5 Crisis Communication Tips We Can Learn from the Cincinnati Zoo
By now, it’s highly probable that you’ve heard a variety of opinions about the Cincinnati Zoo incident. The zoo is undergoing criticism for shooting one of its nine western lowland gorillas on Saturday to protect a 4-year-old boy who climbed through the exhibit’s barricade and fell into the gorillas’ habitat.
The tragic incident has resulted in an uproar. Many are infuriated by the zoo’s action, while others stand in favor of the response team’s decision. One thing’s for sure: it’s been a PR nightmare for the Cincinnati Zoo.
The situation is heartbreaking, but we’re giving a pat on the back to the Cincinnati Zoo’s crisis communication team for the way they’ve handled the days following the gorilla, Harambe’s, death. Here are five tips for effective crisis communication response that the zoo has done a nice job putting into action.
1. Identify a spokesperson and a crisis team.
Interactions with media should go through this team only so that all messaging is clear and consistent. (Marx Layne)
Cincinnati Zoo Director Thane Maynard held a press conference two days after the incident and has been their consistent spokesperson.
2. Tell your own story before someone else does.
If you wait too long to address an issue, others will fill in the gaps for you, and they might not know what’s really going on. (Fallston Group)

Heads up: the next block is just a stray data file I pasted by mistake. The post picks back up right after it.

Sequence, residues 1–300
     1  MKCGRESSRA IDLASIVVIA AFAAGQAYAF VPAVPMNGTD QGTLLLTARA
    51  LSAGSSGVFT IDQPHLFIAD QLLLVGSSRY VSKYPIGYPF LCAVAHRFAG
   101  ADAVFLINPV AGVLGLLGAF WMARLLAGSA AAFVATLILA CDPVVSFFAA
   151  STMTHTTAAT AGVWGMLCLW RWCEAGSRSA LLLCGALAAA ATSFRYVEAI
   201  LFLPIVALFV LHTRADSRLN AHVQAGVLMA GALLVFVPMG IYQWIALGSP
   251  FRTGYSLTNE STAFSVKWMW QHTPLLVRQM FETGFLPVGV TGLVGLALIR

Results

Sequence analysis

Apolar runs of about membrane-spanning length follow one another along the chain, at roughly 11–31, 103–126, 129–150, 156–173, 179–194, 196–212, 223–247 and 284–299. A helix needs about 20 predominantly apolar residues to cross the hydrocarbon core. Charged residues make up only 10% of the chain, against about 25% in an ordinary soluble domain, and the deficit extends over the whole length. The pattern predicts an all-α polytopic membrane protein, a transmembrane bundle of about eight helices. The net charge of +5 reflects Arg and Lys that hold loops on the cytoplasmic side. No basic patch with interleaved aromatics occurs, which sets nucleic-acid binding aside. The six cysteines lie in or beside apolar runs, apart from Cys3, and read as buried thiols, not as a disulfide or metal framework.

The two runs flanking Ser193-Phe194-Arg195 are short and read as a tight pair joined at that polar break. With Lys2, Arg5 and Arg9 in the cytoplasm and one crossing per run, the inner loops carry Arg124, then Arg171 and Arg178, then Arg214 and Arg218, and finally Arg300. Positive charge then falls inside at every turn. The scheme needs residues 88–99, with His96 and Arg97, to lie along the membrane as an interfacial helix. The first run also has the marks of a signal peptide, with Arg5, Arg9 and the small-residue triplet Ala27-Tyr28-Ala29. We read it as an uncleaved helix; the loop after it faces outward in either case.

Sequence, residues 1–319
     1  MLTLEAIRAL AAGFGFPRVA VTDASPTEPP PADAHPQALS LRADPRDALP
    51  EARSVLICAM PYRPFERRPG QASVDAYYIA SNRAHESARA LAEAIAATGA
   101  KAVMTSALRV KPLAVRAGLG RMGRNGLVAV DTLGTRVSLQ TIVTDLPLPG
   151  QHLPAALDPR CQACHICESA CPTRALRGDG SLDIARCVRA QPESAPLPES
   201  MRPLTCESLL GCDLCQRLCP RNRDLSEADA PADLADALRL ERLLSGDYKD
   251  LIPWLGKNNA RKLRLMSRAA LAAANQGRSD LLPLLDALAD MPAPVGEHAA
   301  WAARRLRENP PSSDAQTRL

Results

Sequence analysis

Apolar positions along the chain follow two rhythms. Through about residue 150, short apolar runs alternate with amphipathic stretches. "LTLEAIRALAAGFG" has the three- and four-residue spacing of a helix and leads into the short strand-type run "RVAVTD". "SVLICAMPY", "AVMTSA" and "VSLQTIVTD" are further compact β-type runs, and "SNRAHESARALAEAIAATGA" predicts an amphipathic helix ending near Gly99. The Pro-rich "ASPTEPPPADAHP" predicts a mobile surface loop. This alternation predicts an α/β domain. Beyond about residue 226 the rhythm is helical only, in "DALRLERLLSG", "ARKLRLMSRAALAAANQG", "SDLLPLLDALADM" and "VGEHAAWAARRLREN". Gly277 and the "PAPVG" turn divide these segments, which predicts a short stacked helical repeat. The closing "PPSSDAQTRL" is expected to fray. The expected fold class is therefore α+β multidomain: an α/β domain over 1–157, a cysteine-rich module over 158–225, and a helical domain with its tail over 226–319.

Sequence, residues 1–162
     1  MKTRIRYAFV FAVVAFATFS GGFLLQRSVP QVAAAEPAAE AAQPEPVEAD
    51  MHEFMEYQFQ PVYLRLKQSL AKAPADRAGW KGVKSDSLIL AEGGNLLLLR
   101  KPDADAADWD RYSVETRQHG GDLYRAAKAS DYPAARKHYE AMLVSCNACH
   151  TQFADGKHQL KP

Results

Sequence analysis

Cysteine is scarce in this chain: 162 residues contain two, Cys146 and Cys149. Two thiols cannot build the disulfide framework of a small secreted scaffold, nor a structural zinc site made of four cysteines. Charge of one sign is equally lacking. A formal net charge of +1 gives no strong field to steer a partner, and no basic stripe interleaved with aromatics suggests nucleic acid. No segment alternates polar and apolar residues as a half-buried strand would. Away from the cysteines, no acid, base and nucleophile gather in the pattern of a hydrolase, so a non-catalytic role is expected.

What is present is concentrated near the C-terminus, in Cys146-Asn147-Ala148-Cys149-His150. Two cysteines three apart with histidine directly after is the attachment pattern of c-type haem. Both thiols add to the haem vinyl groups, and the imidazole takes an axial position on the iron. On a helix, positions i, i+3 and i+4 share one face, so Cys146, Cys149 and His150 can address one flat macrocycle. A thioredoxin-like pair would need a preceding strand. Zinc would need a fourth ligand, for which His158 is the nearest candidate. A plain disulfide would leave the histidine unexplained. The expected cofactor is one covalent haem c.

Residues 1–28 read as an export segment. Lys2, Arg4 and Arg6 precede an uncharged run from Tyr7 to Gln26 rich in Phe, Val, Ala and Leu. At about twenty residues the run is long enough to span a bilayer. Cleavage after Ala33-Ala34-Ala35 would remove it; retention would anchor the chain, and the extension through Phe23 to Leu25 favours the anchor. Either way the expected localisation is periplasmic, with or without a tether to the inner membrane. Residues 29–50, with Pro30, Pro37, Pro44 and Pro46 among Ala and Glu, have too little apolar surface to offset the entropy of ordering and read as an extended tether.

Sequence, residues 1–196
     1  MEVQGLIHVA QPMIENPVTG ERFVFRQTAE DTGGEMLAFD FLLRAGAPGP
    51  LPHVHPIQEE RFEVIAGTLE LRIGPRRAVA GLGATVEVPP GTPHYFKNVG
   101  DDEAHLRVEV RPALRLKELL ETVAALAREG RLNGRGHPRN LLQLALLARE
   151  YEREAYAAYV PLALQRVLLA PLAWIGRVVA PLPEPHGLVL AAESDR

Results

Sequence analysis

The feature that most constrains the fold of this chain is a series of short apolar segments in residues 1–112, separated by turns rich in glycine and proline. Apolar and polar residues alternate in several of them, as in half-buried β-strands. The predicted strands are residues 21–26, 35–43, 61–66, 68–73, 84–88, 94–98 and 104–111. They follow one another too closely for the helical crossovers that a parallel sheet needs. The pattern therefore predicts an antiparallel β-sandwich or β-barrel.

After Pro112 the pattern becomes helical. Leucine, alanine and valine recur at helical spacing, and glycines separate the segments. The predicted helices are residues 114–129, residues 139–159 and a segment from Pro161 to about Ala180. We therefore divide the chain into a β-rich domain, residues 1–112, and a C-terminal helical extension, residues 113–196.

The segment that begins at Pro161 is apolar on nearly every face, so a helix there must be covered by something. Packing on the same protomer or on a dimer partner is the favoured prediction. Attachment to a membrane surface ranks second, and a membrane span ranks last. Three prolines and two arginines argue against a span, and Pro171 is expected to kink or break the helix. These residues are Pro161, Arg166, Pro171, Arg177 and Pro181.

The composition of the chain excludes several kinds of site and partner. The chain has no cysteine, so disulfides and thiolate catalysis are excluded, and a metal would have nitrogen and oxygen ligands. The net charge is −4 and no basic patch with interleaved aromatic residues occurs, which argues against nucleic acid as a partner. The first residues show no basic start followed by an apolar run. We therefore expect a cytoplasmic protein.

The zoo posted a statement on Facebook the day after the incident, detailing what happened and why their response team took the course of action they did.
3. Know what you’re talking about.
Quickness is key, but be sure your crisis team knows the facts before they address the public.
In their communication online and via social media, the zoo went through a thorough explanation of the options facing the response team and why alternatives, such as tranquilizers, posed too great a risk given the situation.
4. Be transparent.
Crises are often associated with real tragedy, and companies are made up of people, not robots. Express empathy for those harmed through the situation, and be real about the challenges associated with it. (PR News)
“We are heartbroken about losing Harambe,” said Maynard. “But a child’s life was in danger and a quick decision had to be made by our Dangerous Animal Response Team.” Through these words, he expressed the reality that the zoo is saddened by the loss of the gorilla, but demonstrated that it was a tough situation and the response team ultimately had to choose the child over the animal.
5. Don’t shift blame.
People want to see that leaders can admit mistakes. Take responsibility for what went wrong and demonstrate that you’re holding yourselves accountable for avoiding a similar crisis in the future.
Despite the many accusations made against the parents of the boy who fell into the exhibit, the zoo has not tried to put the blame on the family. While Maynard did emphasize the rarity of the situation, the zoo has also taken steps to improve the barriers in their Gorilla World exhibit, which will reopen on Tuesday.